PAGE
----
8. Have you ever been serious in conversation but those you are speaking with think that what you’ve said is a joke? I have this happen to me often and I can only attribute it to the fact that while what I said may have been serious and with flat expression but could have been considered unkind/ blunt, the crowd considers my comment too “mean” to be not a joke. Though, I did not intend for my statement to be inappropriate or mean.

    Are you familiar with this?


    • This happens to me all the time – both ways actually.

      I say serious things and people think I’m joking, or I tell a joke and people think I’m serious. Either way, it lets me know whose sense of humour is sophisticated enough to keep around.

      I suppose it’s better when people take blunt, but truthful statements as a joke rather than getting offended. At least that way nobody’s out to kill me for having an independent mind.


  9. Most ENFPs fail to get my jokes too. The difference between NiTe humour and NeFi humour is quite large, even if they do have their similarities. The rare xNFPs who do get my jokes are either fairly clever and have spent enough time around me to tune in when I’m being sarcastic or they’ve been through a lot of crap in their lives and so they’ve developed an insane level of sarcasm themselves. But even then, they still don’t get the majority of my jokes.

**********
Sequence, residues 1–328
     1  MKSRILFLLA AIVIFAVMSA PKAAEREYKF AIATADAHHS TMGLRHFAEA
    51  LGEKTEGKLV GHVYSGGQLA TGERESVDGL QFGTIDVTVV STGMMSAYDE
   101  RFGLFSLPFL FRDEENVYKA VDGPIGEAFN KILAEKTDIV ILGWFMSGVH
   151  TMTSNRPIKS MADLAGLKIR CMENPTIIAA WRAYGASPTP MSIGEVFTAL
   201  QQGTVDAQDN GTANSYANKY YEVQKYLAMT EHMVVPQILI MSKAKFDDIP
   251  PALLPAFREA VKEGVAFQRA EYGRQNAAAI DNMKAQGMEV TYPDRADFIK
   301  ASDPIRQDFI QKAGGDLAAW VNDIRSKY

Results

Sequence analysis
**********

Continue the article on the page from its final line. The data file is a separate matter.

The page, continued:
I’ve thought more on this subject since I wrote this post and I’ve noticed that in addition to revolving around a vast library of back-knowldge, INTJ humour frequently also requires that you understand the entire NiTe framework from which we view the world. For instance, something will be funny to me because I notice a connection between two highly complex patterns in the world, but I won’t be able to explain the joke to anyone who can’t see those patterns (because they’re not an Ni-dominant).


    • This is why I appreciate having an INTJ as a younger brother. My ENFJ sister and I can have some great conversations about academics, but she thinks my sense of humor is demented, and that I don’t laugh at the right times. :P


  10. I can relate to your experiences regarding people not getting your jokes/confusing your seriousness and sarcasm with each other.
    It happened to me, too, a lot of times. It isn’t uncommon that someone starts laughing when I’m being serious, and people blinking at me in confusion when I use sarcasm. (I also opt to keep a straight face.) My class was filled with Sensors and the only other Intuitive in my class was my ENFP friend, but he sometimes failed to get my jokes, too, because he didn’t have the required back-knowledge.